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Listed under Medieval Towns in Braşov, Romania.

  • Photo of Brasov
  • Photo of Brasov
Photo of Brasov
Photo by flickr user bortescristian
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This ancient fortress city spreads welcomingly across a green valley, between the shrouds of forbidding, beautiful forest that covers the place where the Carpathian and Transylvanian mountains join. To reach it by car, it’s necessary to view it from above as you traverse the mountain pass, watched over by a great marble cross from one peak, and a glowing, Hollywood-style ‘Brasov’ sign from another (- quite possibly the only reason for the town’s ‘Little Hollywood’ epithet).

Also dubbed ‘Romania’s Prague’, it offers a similar mix of intriguing, tangled history, singular culture, a burgeoning arts scene and beautiful architecture – but without the vile stag parties, so far. This may well be the moment to discover it, in fact: students are already beginning to claim it as a gap year destination, since it’s right at the centre of a good number of wildlife conservation and community work projects, many of them still necessary either directly or indirectly as a result of Romania’s Communist years) and the beer is fantastic and cheap – so those with less philanthropic intentions are bound to notice sooner or later.

Being almost equidistant from every major tourist destination in Romania, it’s also an ideal place to start out from, to experience a taste of the culture in a friendly city that’s proud of its heritage and has a youthful attitude.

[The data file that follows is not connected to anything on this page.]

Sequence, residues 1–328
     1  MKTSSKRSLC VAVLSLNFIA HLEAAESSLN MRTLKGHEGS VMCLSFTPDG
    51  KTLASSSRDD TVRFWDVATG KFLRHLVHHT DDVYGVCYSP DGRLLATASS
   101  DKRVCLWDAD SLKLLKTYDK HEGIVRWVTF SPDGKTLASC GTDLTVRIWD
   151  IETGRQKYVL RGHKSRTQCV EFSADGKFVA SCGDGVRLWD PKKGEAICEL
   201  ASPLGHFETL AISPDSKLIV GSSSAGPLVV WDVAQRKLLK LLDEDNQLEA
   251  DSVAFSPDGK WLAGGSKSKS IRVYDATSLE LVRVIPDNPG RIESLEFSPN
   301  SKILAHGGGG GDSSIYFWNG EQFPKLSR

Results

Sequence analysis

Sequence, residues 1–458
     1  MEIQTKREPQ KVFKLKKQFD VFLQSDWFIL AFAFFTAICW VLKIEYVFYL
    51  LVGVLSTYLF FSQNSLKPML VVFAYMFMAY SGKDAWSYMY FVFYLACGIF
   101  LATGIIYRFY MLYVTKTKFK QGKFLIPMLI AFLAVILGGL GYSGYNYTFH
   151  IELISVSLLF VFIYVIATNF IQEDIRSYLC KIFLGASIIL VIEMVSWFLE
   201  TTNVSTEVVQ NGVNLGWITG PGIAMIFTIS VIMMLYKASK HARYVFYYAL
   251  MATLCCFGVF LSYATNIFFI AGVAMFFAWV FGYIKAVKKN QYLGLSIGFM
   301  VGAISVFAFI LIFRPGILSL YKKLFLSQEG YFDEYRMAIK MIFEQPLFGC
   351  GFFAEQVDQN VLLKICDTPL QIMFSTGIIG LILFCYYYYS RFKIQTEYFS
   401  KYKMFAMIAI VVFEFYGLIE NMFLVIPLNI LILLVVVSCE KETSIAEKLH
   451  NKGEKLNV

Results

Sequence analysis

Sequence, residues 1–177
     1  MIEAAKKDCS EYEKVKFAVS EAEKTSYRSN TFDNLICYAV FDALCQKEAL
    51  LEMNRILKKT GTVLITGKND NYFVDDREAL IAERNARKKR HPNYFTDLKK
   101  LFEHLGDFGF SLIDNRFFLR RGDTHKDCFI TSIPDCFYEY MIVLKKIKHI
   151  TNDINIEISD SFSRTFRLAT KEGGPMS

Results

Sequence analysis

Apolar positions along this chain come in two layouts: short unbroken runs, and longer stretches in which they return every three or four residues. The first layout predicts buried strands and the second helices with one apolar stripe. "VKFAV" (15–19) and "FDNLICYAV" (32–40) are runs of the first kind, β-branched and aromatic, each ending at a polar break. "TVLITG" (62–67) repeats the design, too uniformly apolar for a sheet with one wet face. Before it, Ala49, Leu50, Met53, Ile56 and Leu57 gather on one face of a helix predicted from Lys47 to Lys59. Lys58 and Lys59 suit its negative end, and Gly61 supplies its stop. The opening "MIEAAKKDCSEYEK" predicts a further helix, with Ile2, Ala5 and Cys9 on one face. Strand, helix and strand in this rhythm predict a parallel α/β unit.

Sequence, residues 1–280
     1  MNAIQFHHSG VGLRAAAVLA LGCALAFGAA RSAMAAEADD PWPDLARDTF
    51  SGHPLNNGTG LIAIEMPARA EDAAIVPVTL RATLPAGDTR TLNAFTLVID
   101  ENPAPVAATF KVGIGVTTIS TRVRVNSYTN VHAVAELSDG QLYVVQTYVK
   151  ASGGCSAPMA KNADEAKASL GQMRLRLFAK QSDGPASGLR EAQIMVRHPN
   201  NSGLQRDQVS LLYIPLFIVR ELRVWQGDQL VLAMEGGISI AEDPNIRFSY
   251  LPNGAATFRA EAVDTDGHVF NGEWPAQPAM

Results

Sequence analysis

To explore the city’s history, see the First Romanian School museum (an adorable little 14th century building right out of a fairy story, which contains Romania’s first printing press and first Bible), the medieval fortress wall, which runs along the riverbank, the White and Black towers and other remaining bastions, the colourful, baroque edifices on Piata Sfatului and the Schei Gate – and attend one of the free choral concerts at the Gothic Biserica Neagra (- Black Church).

There are plenty of pavement cafes and restaurants in quaint courtyards and converted wine cellars, where traditional Romanian food is on offer, and even the most popular are reasonably priced by UK standards, but market shopping is also an unexpectedly indulgent experience.

The Golden Stag Festival of Music is held here every autumn, as well as various music and film festivals, and the local arts community is a thriving one, as exemplified by galleries such as Kron-Art, three theatres and a thriving opera house.

Be sure to branch out and explore the surrounding villages such as Poiana Brasov, Sighisoara and Bistrita, and discover legend, history and wildlife; there’s far more to this area than a vampire story!

Written by  larapiegeler.

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A medieval Saxon settlement nestled in between Transylvanian mountains on three sides, Brasov was founded by Teutonic Knights in 1211 and is one of Europe’s best preserved (and restored) ancient towns, its most famous feature the Biserica Neagra or Black Church is Europe’s largest Gothic Church. The surrounding mountains rise from green fields through forest to bare grey rock providing a good setting for out door adventures it also hosts The Golden Stag Music Festival.

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